Healthier adhesives:
Always adhere to best practice 

Users of chemical fasteners, sealants and fillers often overlook the hazards of toxic compounds, but it is possible to identify safe alternatives, writes JOHN POWER.


Adhesives and similar products in the sealant-filler family are often taken for granted by both professional and DIY users; after all, application is often swift – just one aspect of a larger and more complex set of tasks – and there is a twin assumption that dangers cease to exist once products have cured. Besides, there must be some agency that blocks dangerous products from entering the market in the first place, right? Wrong.

The reality is that adhesives and related products can pose significant health hazards both during and after application, despite the best intentions of authorities like the Australian Building Codes Board (ABCB) to uphold rigorous safety standards. Imported products, in particular, are not always easy to scrutinise or check at a chemical level. And there is an extra layer of complexity: we’re not just talking about tubes or tubs of branded adhesives and similar families of products; toxic adhesives may be present ‘within’ a huge array of building products where the offending compounds have been used in the actual fabrication process of the material. For instance, plasterboard, MDF and laminate timber products are good examples of products that might contain dangerous levels of toxic chemicals, potentially releasable into the atmosphere by users when cutting or sanding, or if the material is exposed to moist conditions. In other words, dangers from adhesives exist even if a builder is only using mechanical fasteners (nails, screws, etc) on a particular project.
Trying to keep on top of the potential sources of chemical hazards from adhesives (or related solvents or hardening agents) in building materials and liquid fasteners is a nightmare, made all the more difficult in a marketplace full of non-compliant or poorly labeled product. Oftentimes, a user only becomes aware of a problem when noticing foul odours, or suffering from sore eyes, itchy skin, or some other physical irritation – a clearly unsatisfactory quality control process.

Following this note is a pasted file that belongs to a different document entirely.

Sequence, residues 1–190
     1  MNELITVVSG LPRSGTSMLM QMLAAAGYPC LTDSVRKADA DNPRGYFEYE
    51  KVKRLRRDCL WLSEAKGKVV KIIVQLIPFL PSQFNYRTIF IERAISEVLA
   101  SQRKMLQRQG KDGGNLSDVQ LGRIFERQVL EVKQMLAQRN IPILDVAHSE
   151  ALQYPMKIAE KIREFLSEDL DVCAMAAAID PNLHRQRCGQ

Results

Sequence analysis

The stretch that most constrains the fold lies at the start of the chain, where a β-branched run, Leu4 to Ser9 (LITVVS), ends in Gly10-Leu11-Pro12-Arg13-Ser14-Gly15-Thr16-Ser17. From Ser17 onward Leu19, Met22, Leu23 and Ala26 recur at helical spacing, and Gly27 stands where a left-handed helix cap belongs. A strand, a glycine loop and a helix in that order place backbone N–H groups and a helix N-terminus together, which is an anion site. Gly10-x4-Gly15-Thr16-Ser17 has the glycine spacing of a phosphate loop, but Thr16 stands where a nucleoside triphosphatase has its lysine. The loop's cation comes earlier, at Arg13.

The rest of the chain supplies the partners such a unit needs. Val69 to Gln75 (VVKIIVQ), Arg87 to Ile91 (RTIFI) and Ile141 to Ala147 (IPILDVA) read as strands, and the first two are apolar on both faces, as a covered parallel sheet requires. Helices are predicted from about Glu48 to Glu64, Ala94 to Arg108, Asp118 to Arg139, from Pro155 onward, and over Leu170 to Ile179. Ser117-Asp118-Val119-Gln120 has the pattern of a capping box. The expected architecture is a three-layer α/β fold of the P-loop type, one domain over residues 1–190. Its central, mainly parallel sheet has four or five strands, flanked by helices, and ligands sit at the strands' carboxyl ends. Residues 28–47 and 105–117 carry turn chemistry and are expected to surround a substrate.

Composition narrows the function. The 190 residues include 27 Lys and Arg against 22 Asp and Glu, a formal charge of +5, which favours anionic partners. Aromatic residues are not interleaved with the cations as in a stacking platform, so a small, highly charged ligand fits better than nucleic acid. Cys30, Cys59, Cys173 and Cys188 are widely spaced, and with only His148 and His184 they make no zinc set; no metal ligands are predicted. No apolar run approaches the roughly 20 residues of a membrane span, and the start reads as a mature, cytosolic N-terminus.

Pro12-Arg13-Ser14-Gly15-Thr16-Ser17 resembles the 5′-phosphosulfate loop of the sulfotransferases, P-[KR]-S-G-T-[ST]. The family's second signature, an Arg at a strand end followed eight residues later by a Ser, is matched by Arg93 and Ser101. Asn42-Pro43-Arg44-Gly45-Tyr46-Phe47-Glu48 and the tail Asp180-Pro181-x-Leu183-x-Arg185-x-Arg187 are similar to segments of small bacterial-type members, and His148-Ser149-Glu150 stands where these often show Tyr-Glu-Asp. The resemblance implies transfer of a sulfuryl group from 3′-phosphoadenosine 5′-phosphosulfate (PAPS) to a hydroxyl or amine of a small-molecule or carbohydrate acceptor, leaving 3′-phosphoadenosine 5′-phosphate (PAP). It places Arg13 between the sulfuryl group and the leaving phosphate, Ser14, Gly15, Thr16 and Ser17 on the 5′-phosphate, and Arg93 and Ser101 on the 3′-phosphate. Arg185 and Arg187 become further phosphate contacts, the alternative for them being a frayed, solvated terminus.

A worthwhile aid, thankfully, is the newly released Good Environmental Choice Australia (GECA) Adhesives, Fillers and Sealants Standard (AFSv4.0-2014). Though a new version of an existing Standard, this Standard is in effect a new document, comprising an array of additional safety and performance criteria and benchmarks.

List of dangers
The document highlights the myriad health risks associated with this category: “Adhesives, fillers and sealants can contain a large range of chemicals that ensure superior binding strength for a large range of applications. The chemical components of adhesives, fillers and sealants can include binders, solvents/thinners, plasticisers, fillers/bulking agents, thickeners, anti-foaming agents, preservatives and a large range of other chemical additives whose respective functions add to the products intended purpose.”
As a means of combating such problems, the Standard requires adherents to address overt dangers by ensuring, among other things, that certain substances (listed as Hazardous by Safe Works Australia) must not be used in a given product. Furthermore, products “must not be classifiable as dangerous according to the Australian Dangerous Goods (ADG) code, including classification as an Environmentally Hazardous Substance”.